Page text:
among the best families of Aleppo

And if you Americans knew anything

about civilization and cleanliness,

you’d make wider washbins, anyway

My grandmother knows one culture—the right one,

as do these matrons of the Middle West. For them,

my grandmother might as well have been squatting

in the mud over a rusty tin in vaguely tropical squalor,

Mexican or Middle Eastern, it doesn’t matter which,

when she lifts her well-groomed foot and puts it over the edge.

“You can’t do that,” one of the women protests,

turning to me, “Tell her she can’t do that.”

“We wash our feet five times a day,”

my grandmother declares hotly in Arabic.

“My feet are cleaner than their sink.

Worried about their sink, are they? I

should worry about my feet!”

My grandmother nudges me, “Go on, tell them.”

Standing between the door and the mirror, I can see

at multiple angles, my grandmother and the other shoppers,

all of them decent and goodhearted women, diligent

in cleanliness, grooming, and decorum

Even now my grandmother, not to be rushed,

is delicately drying her pumps with tissues from her purse

For my grandmother always wears well-turned pumps

that match her purse, I think in case someone

from one of the best families of Aleppo

should run into her—here, in front of the Kenmore display

I smile at the midwestern women

as if my grandmother has just said something lovely about them

and shrug at my grandmother as if they

had just apologized through me

No one is fooled, but I

hold the door open for everyone

and we all emerge on the sales floor

and lose ourselves in the great common ground

of housewares on markdown.

So what’s inspiring you this summer? Have you ever taken an online course, or thought about doing so?


Follow-Up on My Boy/Man

I thought it was fitting after publishing yesterday’s post about my boy growing up, that when I arrived to pick him up at work in the afternoon he was all excited to show me what he’d accomplished.

I was a bit surprised when we walked right past the chicken coop he’d cleaned, the holes he’d dug for fence posts and the white picket fence he’d painted.  Instead, we went around the farm house to the trampoline in the field behind.

“I finally mastered my flip,” he told me with big, wide eyes.

I thought I should say something about work and the appropriateness of time and place, but instead I kept my mouth shut and watched as he demonstrated his “mastered” flip.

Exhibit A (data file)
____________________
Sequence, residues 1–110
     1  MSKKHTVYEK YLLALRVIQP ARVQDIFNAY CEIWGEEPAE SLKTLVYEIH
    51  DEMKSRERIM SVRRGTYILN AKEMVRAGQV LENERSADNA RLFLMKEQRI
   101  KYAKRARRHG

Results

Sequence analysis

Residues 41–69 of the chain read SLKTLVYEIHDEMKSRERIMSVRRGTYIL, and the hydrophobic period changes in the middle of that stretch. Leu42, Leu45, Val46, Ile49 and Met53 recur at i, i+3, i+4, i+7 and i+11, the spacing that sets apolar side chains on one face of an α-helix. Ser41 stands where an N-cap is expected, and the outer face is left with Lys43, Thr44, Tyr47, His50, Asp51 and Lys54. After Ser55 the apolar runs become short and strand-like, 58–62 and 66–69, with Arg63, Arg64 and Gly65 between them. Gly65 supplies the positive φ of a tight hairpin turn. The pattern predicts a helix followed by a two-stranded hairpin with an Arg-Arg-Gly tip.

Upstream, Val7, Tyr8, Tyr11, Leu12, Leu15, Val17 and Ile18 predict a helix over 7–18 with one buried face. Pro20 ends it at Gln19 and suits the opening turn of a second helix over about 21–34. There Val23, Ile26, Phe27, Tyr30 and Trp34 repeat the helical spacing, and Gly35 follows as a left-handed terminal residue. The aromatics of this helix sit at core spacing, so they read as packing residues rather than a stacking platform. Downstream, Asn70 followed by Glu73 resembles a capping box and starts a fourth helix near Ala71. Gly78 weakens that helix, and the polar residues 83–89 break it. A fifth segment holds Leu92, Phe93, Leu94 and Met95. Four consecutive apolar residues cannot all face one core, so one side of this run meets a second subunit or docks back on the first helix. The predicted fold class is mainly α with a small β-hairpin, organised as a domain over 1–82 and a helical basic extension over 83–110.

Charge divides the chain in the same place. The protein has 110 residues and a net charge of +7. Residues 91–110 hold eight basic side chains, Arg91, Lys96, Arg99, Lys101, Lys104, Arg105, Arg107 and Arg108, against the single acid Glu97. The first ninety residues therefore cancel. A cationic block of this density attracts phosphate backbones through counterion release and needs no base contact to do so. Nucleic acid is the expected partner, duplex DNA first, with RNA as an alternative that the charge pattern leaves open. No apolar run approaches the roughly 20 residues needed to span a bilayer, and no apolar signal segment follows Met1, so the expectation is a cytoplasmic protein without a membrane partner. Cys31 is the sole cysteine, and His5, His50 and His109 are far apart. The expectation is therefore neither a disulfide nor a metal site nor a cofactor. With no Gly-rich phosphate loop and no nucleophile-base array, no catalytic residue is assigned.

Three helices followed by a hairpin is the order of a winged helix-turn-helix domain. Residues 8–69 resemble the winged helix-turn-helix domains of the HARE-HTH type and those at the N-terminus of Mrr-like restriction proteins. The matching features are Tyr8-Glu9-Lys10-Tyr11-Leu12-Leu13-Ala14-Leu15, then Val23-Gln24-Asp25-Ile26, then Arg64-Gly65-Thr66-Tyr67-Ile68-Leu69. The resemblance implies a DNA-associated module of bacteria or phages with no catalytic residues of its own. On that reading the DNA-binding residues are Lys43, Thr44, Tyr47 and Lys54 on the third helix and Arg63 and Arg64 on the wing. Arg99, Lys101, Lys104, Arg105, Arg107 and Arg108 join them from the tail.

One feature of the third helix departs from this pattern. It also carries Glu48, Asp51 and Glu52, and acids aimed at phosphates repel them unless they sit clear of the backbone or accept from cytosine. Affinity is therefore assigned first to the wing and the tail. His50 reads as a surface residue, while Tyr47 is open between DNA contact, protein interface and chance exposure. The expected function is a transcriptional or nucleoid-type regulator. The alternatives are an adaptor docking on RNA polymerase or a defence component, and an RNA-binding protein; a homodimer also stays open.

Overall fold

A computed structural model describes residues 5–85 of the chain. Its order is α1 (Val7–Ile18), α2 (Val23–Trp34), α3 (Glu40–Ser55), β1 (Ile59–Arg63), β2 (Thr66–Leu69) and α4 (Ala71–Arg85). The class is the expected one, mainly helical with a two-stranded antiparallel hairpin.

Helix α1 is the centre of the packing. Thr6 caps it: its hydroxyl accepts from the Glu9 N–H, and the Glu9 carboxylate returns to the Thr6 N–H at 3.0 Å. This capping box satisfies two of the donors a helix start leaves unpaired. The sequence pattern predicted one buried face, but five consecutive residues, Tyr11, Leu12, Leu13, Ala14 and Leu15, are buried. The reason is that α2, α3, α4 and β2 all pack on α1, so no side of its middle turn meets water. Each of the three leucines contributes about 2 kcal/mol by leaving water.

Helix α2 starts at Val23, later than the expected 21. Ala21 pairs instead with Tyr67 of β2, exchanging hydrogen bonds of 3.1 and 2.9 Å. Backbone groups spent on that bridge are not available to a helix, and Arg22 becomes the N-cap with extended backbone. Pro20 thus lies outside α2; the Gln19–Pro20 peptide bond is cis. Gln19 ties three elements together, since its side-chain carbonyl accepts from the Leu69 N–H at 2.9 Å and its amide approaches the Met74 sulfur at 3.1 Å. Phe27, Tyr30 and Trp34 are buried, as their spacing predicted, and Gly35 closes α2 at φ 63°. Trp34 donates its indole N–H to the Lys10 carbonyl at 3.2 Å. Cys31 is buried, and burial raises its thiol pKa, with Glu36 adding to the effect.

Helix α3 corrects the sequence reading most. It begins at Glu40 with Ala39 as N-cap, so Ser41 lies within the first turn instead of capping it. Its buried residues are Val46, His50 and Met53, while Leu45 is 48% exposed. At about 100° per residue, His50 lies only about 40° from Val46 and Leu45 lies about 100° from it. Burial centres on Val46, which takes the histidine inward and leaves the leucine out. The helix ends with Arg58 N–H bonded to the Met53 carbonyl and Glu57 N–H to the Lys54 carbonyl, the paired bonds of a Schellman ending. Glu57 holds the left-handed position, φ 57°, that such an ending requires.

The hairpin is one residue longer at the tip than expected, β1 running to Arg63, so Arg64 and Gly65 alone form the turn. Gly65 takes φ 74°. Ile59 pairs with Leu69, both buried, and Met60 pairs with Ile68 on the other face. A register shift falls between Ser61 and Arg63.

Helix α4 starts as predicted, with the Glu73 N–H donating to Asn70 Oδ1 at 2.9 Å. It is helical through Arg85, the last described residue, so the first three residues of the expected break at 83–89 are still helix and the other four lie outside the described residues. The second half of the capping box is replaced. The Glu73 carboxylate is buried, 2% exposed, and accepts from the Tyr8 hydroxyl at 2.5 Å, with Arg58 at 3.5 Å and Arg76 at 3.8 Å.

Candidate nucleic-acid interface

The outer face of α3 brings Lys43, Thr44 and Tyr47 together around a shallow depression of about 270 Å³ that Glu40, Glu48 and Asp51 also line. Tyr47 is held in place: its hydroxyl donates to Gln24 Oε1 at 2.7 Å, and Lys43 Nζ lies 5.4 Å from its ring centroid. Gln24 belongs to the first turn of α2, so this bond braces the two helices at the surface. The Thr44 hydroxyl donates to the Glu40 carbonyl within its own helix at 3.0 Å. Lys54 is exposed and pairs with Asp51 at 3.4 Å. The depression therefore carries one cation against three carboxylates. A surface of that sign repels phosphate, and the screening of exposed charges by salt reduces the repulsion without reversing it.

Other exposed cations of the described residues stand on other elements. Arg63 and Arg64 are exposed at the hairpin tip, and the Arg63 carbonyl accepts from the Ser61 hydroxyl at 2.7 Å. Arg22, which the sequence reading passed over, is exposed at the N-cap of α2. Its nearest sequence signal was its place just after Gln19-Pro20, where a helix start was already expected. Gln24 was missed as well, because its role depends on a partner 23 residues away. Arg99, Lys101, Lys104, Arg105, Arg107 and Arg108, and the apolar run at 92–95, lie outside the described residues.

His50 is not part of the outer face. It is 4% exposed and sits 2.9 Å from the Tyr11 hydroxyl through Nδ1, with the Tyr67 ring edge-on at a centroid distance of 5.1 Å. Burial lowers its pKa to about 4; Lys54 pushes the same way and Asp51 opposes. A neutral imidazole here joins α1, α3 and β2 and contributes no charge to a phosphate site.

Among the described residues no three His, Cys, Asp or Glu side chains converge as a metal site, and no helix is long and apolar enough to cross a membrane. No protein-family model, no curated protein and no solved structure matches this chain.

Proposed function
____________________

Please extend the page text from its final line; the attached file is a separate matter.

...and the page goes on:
“He looked like he needed a break,” I heard from Tucker’s boss who’d walked up behind.

And I smiled, knowing that no matter how big Tuck gets, a part of him will always remain a little boy at heart.


You can click on the picture to watch the 40 second video. Note the fist pump at the end!

Observations on Little Ones

My sister’s kids came down from Vermont to stay with us for a few days. They’re nine and six, just as mine were only a few short years ago.  Yet somehow, as I’ve aged and adapted along with mine, I’ve forgotten all the sweet, little things about little ones.

Like how no matter how late they go to bed, they still wake so early (6am) and how those little bellies are so super hungry after a full night of sleep.

I’d forgotten how a few picture books, read in a fun, animated voice, can be the highlight of a day.

Or how there is no need for probing questions to get them talking.  That they talk freely, an unfiltered stream of all that they observe and see.

How if asked to do something, they actually do it. Right then and there.  What a concept.

How they smile for photos and come running when I find a cool bug or tadpole or inchworm.

How they actually put on sunscreen and how covering their little backs takes just a bit of lotion and a few swift swipes across those bony angel wings.

How an afternoon bowl of ice cream with raspberries is a special treat and how a soda with caffeine isn’t even a consideration.

I’d also forgotten how they can’t reach glasses or bowls in the cupboard and how pouring their own lemonade usually means more on the floor than in the glass, and how they’re constantly watching and imitating the bigger ones; longing for their own bigger somedays.

But most of all, what I’d forgotten, is that for now, how they have no where else to be, but right by my side.

What about you? Are you still in the midst of raising little ones or have your littles grown big?

Before My Eyes


Yesterday he was one,

and then he was five,

soon eight, then ten, then twelve.

Today he’s fourteen, turning fifteen in a month.

 And all along, so much more little boy than man;

his talks of someday fanciful and improbable.


And then six months ago, 3 inches and 11 pounds overnight.

Suddenly the boy who subsisted on air was eating five meals a day.

And then another 3 inches and who knows how many more pounds.

We often stand back to back;

I still have a 1/2 an inch on him,

but not for long.

Each morning now I drive him to work at the local farm.

As I study him telling me about pigs and fencing, chicken coops, soil composition and cooking garlic scapes, I realize that before my eyes he’s gone from little boy to so much more man.


But I’m not sad like I thought I’d be.

Because really it didn’t happen overnight.

Just like he first learned to roll over and then sit up; crawl and then stand,

I learned right along with him then,

Just as I am learning right along with him now.


To Go Easy

Ahhhh, Sunday morning. And it finally feels like summer here in the North East. Although more rain is due to arrive, I’ll take this morning’s sunshine and the inspiration that arrived with it.